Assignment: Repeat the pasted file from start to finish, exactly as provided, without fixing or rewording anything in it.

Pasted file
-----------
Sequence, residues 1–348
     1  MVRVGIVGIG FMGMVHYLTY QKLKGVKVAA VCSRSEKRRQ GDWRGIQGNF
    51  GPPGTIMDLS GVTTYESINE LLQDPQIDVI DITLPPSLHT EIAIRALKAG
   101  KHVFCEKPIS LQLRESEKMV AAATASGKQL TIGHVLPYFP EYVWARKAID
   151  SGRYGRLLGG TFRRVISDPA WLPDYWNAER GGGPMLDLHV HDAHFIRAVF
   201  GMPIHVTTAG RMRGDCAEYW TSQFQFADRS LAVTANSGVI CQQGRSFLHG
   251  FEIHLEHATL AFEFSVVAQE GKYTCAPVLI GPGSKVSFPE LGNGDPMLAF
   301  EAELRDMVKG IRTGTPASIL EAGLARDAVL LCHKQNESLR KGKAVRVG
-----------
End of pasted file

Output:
Sequence, residues 1–348
     1  MVRVGIVGIG FMGMVHYLTY QKLKGVKVAA VCSRSEKRRQ GDWRGIQGNF
    51  GPPGTIMDLS GVTTYESINE LLQDPQIDVI DITLPPSLHT EIAIRALKAG
   101  KHVFCEKPIS LQLRESEKMV AAATASGKQL TIGHVLPYFP EYVWARKAID
   151  SGRYGRLLGG TFRRVISDPA WLPDYWNAER GGGPMLDLHV HDAHFIRAVF
   201  GMPIHVTTAG RMRGDCAEYW TSQFQFADRS LAVTANSGVI CQQGRSFLHG
   251  FEIHLEHATL AFEFSVVAQE GKYTCAPVLI GPGSKVSFPE LGNGDPMLAF
   301  EAELRDMVKG IRTGTPASIL EAGLARDAVL LCHKQNESLR KGKAVRVG